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The Daily Wildcat

The Daily Wildcat

 

Wildcats face UCLA in Pac-12 semifinals

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Kyle Wasson

Sean Miller talks to the media in a post-game press conference after losing to UCLA in the semifinals of the Pac-12 Tournament in Las Vegas on March 15, 2013.

LAS VEGAS – Before the season started, Arizona was chosen to win the Pac-12 conference over UCLA – by one vote. The Wildcats had the No. 3 ranked freshman class in the country, two behind the Bruins.

But that’s where the similarities have ended for the two schools.

The UA was swept by UCLA this season, losing at McKale Center Jan. 24, 84-73, and at Pauley Pavilion March 2, by a score of 74-69.

At MGM Grand Garden Arena at 6 p.m. the Wildcats and Bruins will face off for the third time this season with an appearance in the Pac-12 conference championship at stake.

The difference between the previous matchups and this one is the UA seems to have singled out what has been its Achilles heel in both losses.

“We know UCLA is very good,” Arizona head coach Sean Miller said after Thursday’s win over Colorado. “[Point guard] Larry Drew II has been a huge reason we lost both games. He has scored and also gotten his teammates easy baskets.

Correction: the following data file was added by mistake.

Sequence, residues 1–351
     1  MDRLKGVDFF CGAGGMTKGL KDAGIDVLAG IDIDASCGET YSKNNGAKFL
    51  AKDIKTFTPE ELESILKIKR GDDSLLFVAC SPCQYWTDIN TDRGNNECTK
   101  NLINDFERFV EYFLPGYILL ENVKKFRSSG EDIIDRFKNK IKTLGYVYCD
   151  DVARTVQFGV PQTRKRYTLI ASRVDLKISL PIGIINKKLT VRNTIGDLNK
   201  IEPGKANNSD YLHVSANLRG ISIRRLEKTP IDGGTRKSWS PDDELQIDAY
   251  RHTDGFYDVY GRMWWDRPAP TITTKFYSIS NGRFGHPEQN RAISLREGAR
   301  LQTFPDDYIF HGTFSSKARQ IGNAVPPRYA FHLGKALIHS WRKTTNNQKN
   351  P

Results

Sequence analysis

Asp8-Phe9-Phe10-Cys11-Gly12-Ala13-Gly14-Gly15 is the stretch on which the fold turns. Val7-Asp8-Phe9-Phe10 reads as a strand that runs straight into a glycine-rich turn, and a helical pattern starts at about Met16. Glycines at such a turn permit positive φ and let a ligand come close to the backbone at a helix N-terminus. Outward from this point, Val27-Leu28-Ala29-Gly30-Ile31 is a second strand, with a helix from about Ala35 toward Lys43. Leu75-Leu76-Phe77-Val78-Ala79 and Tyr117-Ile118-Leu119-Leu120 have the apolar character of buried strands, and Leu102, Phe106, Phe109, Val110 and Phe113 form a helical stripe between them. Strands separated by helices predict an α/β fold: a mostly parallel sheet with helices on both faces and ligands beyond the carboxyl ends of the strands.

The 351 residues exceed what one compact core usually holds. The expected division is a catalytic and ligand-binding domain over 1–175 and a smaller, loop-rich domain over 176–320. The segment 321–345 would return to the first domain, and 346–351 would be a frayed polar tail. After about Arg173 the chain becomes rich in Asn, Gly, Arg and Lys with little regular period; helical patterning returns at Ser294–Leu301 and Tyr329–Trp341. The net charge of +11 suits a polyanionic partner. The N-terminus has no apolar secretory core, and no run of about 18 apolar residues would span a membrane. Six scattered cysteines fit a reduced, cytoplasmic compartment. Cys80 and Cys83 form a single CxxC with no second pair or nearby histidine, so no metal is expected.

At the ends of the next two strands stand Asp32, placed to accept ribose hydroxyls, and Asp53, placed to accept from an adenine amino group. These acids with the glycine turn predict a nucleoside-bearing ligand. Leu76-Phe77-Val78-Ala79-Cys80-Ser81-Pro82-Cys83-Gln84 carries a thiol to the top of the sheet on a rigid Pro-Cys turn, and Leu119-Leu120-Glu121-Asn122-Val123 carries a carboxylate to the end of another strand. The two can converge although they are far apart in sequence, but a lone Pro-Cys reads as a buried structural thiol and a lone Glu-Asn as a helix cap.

“We have to be able to contain him and make sure he isn’t able to control the game at the end of the clock at the end of the game.”

The task of containing Drew is easier said than done.

Drew led the conference in assists, with 7.6 of UCLA’s 16.7 per game, also tops in the Pac-12. In two games against Arizona, Drew averaged nine assists to only three turnovers and scored a total of 21 points.

“Larry Drew was really the pacesetter for their team,” senior forward Solomon Hill said. “He gets a lot of guys easy shots.”

Not to be forgotten in Pac-12 Co-Freshman of the Year Shabazz Muhammad, who torched the Wildcats for 23 points in the first meeting and 18 in the second.

UA guard Nick Johnson has been the go-to defensive stopper for Arizona this season, often guarding the other team’s best wing player consistently. But with the reemergence of junior Jordin Mayes, who Miller called “one of our best perimeter defenders” after Thursday’s win, the Wildcats won’t have to rely solely on Johnson to get the job done.

“They have a lot of talented players,” Miller said. “In terms of us being able to score, we have to be unselfish, move and create great shots.”

Arizona has not been unable to hold onto the ball long enough to create enough shots against the Bruins, as the Wildcats have 30 total turnovers to 23 assists in two games, compared to 35 assists and 19 turnovers for UCLA. The UA also has only shot 40.9 percent from the field in the two losses.

“Any time a team beats you twice, you really want to get that win,” Miller said. We’re going to give our best shot. Whether we do it or not, we’ll see. Everybody on our side of the fence is eager and knows that it’s going to be a really really hard-fought game; maybe even a harder fought game than we played tonight.

“We’ll have to play our best performance of the season to beat those guys.”

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